5 key aspects the government should consider before signing future oil contracts

Parliament of Uganda

Parliament of Uganda

The government is in the process of entering another phase of oil deals in which they will sign Production Sharing Agreements with oil companies for the production of oil in given wells. Here are some of the five key considerations the government should make before sealing those deals. 

Confidentiality clauses

Clause 36.1 of the 2012 contracts requires that the contract in its entirety be kept confidential which means that the terms of the agreement are to be kept secret by the parties to the contracts unless there is requisite consent from both the parties to the agreement.

On the other hand Section 152 and 153 of the Petroleum (Exploration, Development and Production) Act, 2013 requires that information which the companies submit to the Government is kept confidential except for cases where the parties agree otherwise. Nonetheless the law bars parties from unreasonably withholding or delaying grant of consent for access to such information.

The law as it is a significant disincentive for publishing of information that is in the public interest. Therefore to circumvent the challenges, the government should open up and publish these contracts in the publish media forums. Alternatively, laws requiring government to publish these contracts should be enacted such that the government is left with no option but to publish those contracts in adherence to that law.

Stabilisation Clauses

 Stabilization clauses are clauses designed to insulate companies against regulatory changes which are likely to impact on the profitability of a project, particularly in countries which they consider higher risk. They are common in PSAs because companies bear the upfront costs and therefore risk and so seek to secure their investment return.

The 2012 stabilization clauses do not require the Government to compensate companies for costs accrued from applying new laws and regulations (with the limited exception of tax laws). This is extremely important as it allows Ugandan policy makers to identify weaknesses in these contracts and plug them with future laws and regulations without risk of compensation claims from companies.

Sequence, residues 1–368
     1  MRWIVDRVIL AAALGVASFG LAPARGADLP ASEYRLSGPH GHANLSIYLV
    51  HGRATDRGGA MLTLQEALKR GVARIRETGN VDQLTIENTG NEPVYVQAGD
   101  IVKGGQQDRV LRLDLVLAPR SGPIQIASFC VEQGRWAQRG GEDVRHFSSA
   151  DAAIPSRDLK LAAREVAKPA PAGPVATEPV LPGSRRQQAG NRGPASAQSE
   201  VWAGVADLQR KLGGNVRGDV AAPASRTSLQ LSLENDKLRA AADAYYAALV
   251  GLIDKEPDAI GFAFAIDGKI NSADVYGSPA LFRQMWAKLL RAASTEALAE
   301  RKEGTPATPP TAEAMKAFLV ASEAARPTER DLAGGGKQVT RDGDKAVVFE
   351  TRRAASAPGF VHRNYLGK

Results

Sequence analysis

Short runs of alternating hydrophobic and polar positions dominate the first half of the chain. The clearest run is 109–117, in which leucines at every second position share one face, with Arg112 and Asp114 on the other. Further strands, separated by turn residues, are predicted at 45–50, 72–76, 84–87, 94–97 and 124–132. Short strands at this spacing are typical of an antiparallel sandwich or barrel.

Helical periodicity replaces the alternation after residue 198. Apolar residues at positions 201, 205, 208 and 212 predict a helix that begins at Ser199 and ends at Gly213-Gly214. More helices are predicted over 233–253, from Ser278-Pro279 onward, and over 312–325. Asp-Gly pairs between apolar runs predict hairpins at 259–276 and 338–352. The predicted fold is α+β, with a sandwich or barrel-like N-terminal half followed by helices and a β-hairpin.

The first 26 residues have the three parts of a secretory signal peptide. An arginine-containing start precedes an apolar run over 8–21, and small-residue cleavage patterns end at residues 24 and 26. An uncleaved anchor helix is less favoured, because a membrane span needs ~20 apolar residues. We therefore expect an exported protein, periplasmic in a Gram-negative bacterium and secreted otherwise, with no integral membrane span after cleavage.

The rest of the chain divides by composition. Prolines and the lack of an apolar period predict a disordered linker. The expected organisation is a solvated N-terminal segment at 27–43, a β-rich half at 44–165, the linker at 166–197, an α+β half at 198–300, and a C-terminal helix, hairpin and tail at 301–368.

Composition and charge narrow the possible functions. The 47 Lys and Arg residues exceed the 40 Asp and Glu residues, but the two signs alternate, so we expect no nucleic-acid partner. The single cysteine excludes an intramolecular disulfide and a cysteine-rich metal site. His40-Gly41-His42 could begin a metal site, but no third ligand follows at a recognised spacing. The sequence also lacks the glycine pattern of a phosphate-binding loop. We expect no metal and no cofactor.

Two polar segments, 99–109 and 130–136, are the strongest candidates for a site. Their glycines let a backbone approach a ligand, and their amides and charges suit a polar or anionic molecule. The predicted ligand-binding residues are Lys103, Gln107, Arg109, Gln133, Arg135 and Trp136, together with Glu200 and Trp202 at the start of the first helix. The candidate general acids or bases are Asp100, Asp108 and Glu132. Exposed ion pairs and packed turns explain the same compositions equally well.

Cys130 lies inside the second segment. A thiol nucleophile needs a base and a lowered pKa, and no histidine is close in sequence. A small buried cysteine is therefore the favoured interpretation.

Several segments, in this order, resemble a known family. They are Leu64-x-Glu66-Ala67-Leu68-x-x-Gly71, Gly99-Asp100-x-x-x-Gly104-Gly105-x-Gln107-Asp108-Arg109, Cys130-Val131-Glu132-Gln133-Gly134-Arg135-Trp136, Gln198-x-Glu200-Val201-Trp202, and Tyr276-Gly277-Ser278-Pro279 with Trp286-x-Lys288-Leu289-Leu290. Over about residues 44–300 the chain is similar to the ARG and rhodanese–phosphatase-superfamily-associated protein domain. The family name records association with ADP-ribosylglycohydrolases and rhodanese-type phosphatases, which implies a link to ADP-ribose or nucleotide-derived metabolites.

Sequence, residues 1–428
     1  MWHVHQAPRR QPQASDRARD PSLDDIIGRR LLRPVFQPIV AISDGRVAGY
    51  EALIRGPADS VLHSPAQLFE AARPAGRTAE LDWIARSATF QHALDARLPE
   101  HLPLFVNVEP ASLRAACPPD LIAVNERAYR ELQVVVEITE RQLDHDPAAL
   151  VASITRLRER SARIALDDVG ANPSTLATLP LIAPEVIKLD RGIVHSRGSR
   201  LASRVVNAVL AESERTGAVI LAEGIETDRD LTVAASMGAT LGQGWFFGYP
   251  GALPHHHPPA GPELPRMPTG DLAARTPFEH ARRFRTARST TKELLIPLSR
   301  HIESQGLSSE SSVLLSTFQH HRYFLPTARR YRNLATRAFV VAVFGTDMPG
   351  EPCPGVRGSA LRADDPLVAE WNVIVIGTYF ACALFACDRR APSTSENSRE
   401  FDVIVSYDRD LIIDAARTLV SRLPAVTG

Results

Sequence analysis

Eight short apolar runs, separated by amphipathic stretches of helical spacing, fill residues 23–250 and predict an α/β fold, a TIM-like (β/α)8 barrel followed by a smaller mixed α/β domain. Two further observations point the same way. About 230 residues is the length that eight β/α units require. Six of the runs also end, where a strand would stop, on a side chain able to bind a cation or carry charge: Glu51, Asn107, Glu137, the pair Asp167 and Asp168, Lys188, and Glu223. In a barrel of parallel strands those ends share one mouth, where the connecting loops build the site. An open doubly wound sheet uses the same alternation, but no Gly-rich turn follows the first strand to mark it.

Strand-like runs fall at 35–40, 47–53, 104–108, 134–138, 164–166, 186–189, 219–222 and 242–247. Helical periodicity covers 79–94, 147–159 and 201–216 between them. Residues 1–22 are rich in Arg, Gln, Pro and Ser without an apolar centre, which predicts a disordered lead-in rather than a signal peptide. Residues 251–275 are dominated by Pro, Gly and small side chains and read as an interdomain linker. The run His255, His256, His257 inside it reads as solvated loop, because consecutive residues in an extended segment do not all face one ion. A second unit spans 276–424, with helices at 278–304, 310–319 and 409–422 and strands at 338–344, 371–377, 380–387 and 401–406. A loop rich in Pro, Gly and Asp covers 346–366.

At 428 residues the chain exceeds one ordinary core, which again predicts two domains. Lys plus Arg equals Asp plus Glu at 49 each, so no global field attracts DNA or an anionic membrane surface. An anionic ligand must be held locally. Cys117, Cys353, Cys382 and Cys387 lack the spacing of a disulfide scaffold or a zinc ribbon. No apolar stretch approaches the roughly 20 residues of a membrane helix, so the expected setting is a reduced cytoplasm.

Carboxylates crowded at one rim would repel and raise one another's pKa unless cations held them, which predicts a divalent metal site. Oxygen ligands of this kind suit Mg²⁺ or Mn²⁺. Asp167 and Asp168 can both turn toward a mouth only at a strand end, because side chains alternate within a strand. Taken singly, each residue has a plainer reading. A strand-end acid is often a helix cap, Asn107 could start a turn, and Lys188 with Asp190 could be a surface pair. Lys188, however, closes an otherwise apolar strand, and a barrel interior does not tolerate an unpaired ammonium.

Secondly, they specifically allow the Government to introduce new “windfall taxes” on additional profits that is higher than expected profits resulting from higher oil prices, higher than expected production or lower than expected costs.

Given that they have agreed to the stabilisation clauses in the 2012 contracts the companies should also agree to amend the pre-2008 contract stabilisation clauses. This is an important clarification of the contracts which would allow the Government to adopt more robust environmental and social protection measures without fear of compensation claims from the companies governed by the pre-2008 contracts.


 Arbitration is a private system of adjudication where parties resolve their disputes outside of any state judicial system. Arbitration hearings and outcomes are typically confidential.

The Government of Uganda has learned from its experience in recent tax disputes and stipulated in its 2012 PSAs that companies will pay capital gains tax  under Clause 24.7 and that companies will not be able to settle tax disputes (stemming from the terms of these contracts) in international arbitration as per Clauses 14.2 and 26.1. However, companies will be able to resolve other kinds of disputes such as those relating to compensation for pollution damage in international arbitration.

It is unlikely that companies would be willing to sign contracts without arbitration clauses, as the tendency of internationally operating companies is to prefer international arbitration to local African courts. However, the government and companies should commit in future contracts to holding arbitration tribunals in public and waive the confidentiality which deprives citizens of the right to information.

Signature bonuses

A signature bonus is a one off payment paid by a company to the Government on signing a new contract. Signature bonuses can run as high as the hundreds of millions of dollars in more established markets. The signature bonus in the Kanywataba contract is US$300,000 while the 2012 EA1 contract has a signature bonus of US$200,000. This is similar to the pre-2008 contracts. Given the overall contract terms, these deals are fair.

However, it is not currently possible to track payments by international oil companies into government accounts with Tullow Oil being the only company voluntarily publishing disaggregated payments to the Ugandan Government. This creates the risk that any theoretical tax avoidance by companies or embezzlement by government officials may go unnoticed. This will be increasingly important as oil production begins and more and bigger payments begin to flow into government accounts.

Litigation Costs

Under Annex C of the 2012 contracts all costs and expenses of “defending or prosecuting lawsuits involving the contract area or any third party claim arising out of activities under the Agreement” are recoverable. Only costs of arbitration or expert determination under the PSA itself are excluded under Annex C 4.2 d. This means that the company has less incentive to operate at high standards in order to avoid costly litigation. The Government should therefore consider excluding litigation expenses from the list of recoverable costs in future contracts.

Compiled by Tiberindwa Zakaria from A good deal better? Uganda’s secret oil contracts explained a report published by Global Witness in September 2014

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